Mammalian PKD is a multifunctional kinase regulating diverse processes including proliferation, apoptosis and secretory transport [1,2]. The lack of mutants hampers a direct analysis of PKD's role in Drosophila. In order to address the possible functions of PKD in the fly, we examined the consequences of overexpression of wild type, presumptive dominant negative and constitutively active PKD variants as well as of PKD depletion by RNA interference. Several UAS-constructs were generated (see Figure 1A) that allow tissue specific overexpression using the Gal4/UAS-system [14]. The PKD-WT construct expresses the PKD wild type protein fused to GFP [13]. To generate a 'kinase dead' (kd) PKD-construct, lysine K572 was replaced by tryptophan in order to destroy the presumptive ATP-binding domain. The resultant PKD protein was expected to be a dominant negative isoform according to earlier reports on respective changes in mammalian PKDs [9-11,15]. A constitutive active protein PKD-SE was generated by replacing two serine residues S698 and S702 with glutamate. These two serines are located within the activation loop and are presumably phosphorylated upon activation of PKD in analogy to respective observations on mammalian PKDs [13,16]. Likewise changes have been reported to generate constitutive active forms of human PKD as well [16,17]. Both variants, PKD-kd and PKD-SE were made as C-terminal fusion to GFP in order to facilitate their in vivo detection (Fig. 1A). The human isoforms hPKD2 and hPKD3 (i.e. PKD2 and PKCν respectively) [18,19] were likewise fused to GFP and cloned as UAS-overexpression constructs. They were chosen as a more diverse (hPKD2) and the most similar (hPKD3) in comparison with Drosophila PKD [13]. Finally, a large portion of the kinase domain (codons 582 – 836) [13] was cloned in inverted and direct orientation, split by a small intron into pUAST to generate dsPKD. This construct is expected to produce a double stranded RNA transcript [20], resulting in tissue specific RNA interference and hence, depletion of PKD activity. Figure 1A gives an overview of the different constructs. Several independent transgenic lines were generated from each construct and compared for their expressivity. PKD expression was monitored on Western blots and in situ in larval tissues making use of the GFP-tag (Fig. 1B–E, and data not shown) [13]. Finally, at least five strains of each construct were compared in overexpression experiments for their phenotypes; typical strains were used in subsequent experiments.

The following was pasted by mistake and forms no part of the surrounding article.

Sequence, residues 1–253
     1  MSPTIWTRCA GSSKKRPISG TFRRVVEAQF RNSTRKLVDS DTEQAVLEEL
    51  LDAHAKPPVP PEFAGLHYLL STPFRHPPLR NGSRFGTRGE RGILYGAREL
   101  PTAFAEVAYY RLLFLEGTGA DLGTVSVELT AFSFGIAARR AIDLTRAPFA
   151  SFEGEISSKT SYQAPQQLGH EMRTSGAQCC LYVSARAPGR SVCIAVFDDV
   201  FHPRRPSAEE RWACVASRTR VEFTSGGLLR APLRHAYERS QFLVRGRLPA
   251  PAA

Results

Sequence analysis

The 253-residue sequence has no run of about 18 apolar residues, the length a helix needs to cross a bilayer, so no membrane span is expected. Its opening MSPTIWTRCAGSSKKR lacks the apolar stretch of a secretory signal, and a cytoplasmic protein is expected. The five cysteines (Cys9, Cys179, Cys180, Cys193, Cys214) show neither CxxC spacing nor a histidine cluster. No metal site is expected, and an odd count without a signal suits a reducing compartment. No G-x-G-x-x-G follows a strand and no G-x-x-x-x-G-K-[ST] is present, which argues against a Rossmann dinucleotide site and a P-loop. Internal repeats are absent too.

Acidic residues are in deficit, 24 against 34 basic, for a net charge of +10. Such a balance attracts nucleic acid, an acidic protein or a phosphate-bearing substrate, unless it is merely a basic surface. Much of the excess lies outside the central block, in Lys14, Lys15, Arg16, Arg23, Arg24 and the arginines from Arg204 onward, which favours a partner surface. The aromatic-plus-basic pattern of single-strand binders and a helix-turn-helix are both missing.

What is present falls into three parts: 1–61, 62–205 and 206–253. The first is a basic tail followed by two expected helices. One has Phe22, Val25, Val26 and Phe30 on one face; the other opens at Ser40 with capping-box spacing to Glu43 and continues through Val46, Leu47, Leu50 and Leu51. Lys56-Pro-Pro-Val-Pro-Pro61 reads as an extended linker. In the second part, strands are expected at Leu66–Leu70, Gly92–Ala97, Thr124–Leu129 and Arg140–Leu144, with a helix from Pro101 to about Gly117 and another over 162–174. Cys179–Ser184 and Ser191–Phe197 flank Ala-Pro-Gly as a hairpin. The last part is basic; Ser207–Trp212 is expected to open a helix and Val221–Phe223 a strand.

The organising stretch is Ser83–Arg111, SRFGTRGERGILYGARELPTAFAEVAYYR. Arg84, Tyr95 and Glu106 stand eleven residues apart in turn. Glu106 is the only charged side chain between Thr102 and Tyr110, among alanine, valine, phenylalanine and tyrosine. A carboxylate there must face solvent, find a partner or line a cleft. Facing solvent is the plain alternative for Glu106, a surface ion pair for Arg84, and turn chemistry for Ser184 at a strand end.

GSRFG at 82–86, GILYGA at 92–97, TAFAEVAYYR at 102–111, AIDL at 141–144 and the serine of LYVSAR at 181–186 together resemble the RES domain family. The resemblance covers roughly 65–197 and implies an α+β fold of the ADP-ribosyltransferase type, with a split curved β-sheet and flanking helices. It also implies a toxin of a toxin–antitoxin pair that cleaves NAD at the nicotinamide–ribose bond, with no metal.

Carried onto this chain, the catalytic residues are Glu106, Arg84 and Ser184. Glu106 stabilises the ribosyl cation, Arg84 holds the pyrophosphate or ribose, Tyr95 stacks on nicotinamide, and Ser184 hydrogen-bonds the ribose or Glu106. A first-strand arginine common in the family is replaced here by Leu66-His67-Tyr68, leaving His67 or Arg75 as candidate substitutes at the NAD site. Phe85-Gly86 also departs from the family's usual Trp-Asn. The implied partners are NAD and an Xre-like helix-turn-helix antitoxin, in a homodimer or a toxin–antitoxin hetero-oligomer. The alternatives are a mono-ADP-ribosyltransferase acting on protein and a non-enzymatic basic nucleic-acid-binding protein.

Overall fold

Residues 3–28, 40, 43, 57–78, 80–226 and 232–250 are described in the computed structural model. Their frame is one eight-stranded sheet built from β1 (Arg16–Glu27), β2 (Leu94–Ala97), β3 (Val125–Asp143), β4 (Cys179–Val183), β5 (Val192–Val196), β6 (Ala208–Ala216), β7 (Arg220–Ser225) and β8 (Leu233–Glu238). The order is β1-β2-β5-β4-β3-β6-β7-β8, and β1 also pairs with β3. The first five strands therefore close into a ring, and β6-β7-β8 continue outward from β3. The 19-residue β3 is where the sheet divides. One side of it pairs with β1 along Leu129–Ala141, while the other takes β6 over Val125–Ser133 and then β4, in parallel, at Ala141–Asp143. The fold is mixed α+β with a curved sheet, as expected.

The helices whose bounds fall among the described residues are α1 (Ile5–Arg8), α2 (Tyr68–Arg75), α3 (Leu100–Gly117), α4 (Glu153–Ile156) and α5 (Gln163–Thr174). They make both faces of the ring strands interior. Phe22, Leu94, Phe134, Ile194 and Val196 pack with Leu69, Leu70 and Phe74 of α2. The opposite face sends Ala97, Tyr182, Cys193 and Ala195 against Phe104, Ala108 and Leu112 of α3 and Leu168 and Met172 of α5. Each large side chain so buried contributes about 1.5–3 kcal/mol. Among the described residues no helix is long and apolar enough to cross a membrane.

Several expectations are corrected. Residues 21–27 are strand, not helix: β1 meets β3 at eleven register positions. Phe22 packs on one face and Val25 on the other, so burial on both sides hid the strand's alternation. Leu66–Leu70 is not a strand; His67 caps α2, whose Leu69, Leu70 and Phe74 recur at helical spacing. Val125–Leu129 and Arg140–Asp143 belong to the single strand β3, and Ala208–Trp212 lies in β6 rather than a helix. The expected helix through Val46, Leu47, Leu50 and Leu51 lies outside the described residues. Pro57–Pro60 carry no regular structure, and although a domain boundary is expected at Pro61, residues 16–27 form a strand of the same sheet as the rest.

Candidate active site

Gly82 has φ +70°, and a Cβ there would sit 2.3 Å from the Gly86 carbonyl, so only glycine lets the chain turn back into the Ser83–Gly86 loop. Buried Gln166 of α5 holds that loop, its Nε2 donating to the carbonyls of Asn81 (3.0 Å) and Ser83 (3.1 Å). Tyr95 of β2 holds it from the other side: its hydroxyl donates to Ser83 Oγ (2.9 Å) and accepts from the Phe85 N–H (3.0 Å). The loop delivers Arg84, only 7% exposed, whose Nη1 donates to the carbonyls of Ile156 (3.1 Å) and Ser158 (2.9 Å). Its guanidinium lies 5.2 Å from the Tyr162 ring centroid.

thumbnailFigure 1. PKD variants and activity. A) Schematic representation of Drosophila wild type and mutant UAS-PKD variants, PKD-WT, PKD-kd, PKD-SE, dsPKD and human PKD variants, hPKD2 and hPKD3. Apart from dsPKD, all proteins were expressed as GFP fusion proteins. PKD contains a regulatory domain and a kinase domain. The characteristic features include: C1, C2, Zink-fingers 1 and 2; A, acidic domain; PH, pleckstrin homology domain; KD, kinase domain. In addition, hPKD2 contains a proline rich domain (P) at the N-terminal end and a serine rich region between the two zinc fingers (purple box). Two serine residues in the kinase domain (Ser689, Ser702) are thought to be phosphorylated upon activation of PKD. They were both mutated to glutamic acid in PKD-SE. hPKD2 contains a further possible auto-phosphorylation target within the C-terminus. The presumptive ATP binding site, lysine at the beginning of the kinase domain (K572), is highlighted. It was altered to tryptophane in PKD-kd. Numbers refer to codons; they are according to [1] for hPKDs and [13] for Drosophila PKD. B-E) Fidelity and level of expression for the different variants was analyzed in vivo by help of the GFP-tag. Different Gal4-driver lines were used to address tissue specificity of GFP-expression. The examples show specific GFP-expression in the posterior compartment of a wing imaginal disc (right half) as can be achieved by using the en-Gal4 driver line. For better visualization, discs are outlined with dotted lines. The antero-posterior (yellow line) and the dorso-ventral borders (purple line) are indicated in B). Shown are B) wild type PKD (en-Gal4/PKD-WT10-1), C) PKD-SE (en-Gal4/PKD-SE112-6), D) PKD-kd (en-Gal4/PKD-kd102-1) and E) hPKD3 (en-Gal4/hPKD3X-1). Scale bar, 100 μm.